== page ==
r-- followed by “anything”. Would ls –l *r--* accomplish this task for us? No. Let’s see
how this instruction would work. First, the Bash interpreter unfolds the notation *r-- *.
This means that the Bash interpreter obtains all names in the current directory that has
anything followed by r followed by two hyphens followed by anything. For instance,
foxr--text would match this pattern because of the r-- in the title. Once a list of files is
obtained, they would be passed to the ls command, and a long listing would be displayed.
Unfortunately, we have done this in the wrong order, we want the long listing first, and
then we want to apply *r--*.
Our solution is quite easy. To obtain the long listing first, we do ls –l. We then pipe the
result to egrep. Our instruction then becomes ls –l * | egrep ‘r--’ so that we obtain a long
listing of all items in the current directory, and then we pass that listing (a series of lines)
to egrep, which searches for any lines with r-- and returns only those. This command will
return any line that contains r-- in the long listing. If there is a file called foxr--text, it is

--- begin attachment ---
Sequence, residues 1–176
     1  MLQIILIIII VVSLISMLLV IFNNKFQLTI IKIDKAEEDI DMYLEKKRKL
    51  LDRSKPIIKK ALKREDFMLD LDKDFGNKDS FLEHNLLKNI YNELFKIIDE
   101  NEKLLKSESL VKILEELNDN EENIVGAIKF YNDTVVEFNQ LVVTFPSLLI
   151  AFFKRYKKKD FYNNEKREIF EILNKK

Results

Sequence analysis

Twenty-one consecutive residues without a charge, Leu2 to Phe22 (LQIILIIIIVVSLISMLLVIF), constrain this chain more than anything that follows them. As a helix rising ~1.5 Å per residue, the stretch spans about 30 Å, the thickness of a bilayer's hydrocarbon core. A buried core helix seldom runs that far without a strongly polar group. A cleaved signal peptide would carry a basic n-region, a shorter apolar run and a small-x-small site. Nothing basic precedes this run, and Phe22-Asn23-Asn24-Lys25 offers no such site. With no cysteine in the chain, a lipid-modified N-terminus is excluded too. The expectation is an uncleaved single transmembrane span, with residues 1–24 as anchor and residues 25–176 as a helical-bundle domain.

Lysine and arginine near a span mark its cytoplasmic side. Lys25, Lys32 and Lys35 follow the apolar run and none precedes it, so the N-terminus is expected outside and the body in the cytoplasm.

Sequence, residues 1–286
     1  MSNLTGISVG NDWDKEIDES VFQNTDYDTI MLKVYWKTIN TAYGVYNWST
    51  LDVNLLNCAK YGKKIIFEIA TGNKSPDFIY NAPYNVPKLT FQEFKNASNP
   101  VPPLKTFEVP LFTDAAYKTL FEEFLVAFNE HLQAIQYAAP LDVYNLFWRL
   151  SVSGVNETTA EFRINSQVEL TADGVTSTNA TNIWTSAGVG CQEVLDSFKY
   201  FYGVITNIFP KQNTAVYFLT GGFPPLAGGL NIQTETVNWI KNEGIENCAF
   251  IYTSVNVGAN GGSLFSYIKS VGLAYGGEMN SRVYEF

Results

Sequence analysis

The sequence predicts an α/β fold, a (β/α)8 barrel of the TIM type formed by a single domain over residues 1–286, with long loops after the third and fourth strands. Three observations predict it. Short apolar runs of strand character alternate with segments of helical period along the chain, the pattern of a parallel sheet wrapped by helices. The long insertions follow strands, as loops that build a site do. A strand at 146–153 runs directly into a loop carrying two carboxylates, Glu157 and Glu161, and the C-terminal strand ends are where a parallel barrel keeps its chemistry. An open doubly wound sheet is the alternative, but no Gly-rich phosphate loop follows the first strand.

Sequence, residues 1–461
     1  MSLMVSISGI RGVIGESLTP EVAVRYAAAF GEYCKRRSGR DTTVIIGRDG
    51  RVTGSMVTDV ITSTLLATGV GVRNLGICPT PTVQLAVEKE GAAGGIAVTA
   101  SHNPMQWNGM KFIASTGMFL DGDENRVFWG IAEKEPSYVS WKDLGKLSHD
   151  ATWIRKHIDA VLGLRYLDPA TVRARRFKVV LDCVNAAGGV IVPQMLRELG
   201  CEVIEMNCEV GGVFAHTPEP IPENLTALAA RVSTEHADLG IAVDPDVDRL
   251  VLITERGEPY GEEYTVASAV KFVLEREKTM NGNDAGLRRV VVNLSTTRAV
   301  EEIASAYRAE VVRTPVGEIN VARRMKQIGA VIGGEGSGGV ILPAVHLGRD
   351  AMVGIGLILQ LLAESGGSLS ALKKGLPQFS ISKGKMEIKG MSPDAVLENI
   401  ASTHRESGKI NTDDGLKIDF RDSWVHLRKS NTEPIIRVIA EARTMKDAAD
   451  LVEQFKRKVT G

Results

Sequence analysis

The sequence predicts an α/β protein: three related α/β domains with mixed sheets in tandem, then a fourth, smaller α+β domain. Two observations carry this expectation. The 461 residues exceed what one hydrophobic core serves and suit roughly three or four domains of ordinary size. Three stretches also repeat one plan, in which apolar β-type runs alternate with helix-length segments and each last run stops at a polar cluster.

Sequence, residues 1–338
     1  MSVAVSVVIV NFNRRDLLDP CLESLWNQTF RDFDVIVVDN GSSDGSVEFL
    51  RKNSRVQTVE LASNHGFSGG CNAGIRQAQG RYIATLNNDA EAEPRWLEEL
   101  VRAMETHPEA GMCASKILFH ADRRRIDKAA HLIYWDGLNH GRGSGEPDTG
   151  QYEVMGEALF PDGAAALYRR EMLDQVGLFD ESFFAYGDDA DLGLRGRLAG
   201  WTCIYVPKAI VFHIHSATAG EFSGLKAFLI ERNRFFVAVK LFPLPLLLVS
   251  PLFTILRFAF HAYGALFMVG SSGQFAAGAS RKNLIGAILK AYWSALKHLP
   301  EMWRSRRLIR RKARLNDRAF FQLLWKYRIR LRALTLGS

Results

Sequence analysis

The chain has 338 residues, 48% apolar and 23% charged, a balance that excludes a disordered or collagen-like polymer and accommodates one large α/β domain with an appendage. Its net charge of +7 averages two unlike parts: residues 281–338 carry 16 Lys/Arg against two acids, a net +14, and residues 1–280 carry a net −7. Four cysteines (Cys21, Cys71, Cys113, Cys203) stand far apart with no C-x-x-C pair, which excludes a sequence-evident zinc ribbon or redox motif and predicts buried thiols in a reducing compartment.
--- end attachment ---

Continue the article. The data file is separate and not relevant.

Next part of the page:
returned even if its permissions do not match r--. How can we avoid this? Well, notice that
permissions are the first thing in the long listing and the filename is the last thing. We can
write a more precise regular expression and include ^ to force it to match at the beginning
of the line.
Regular Expressions   ◾    291  

Permissions start with the file type. For this, we do not care what character we obtain,
but it should only be a single character. We can obtain any single character using the
period. We then expect nine more characters that will be r, w, x, or -. Of these nine char-
acters, we will match on any r--. So we might use a regular expression (r--|[rwx-]{3}). This
will match either r-- precisely or any combination of r, w, x, and – over three characters.
Unfortunately, this will not work for us because it might match rwx or rw- or even ---. We
could instead write this expression as (r--[rwx-]{6}|[rwx-]{3}r--[rwx-]{3}|[rwx-]{6}r--). Here,
we require r-- to be seen somewhere in the expression. Now our command is rather more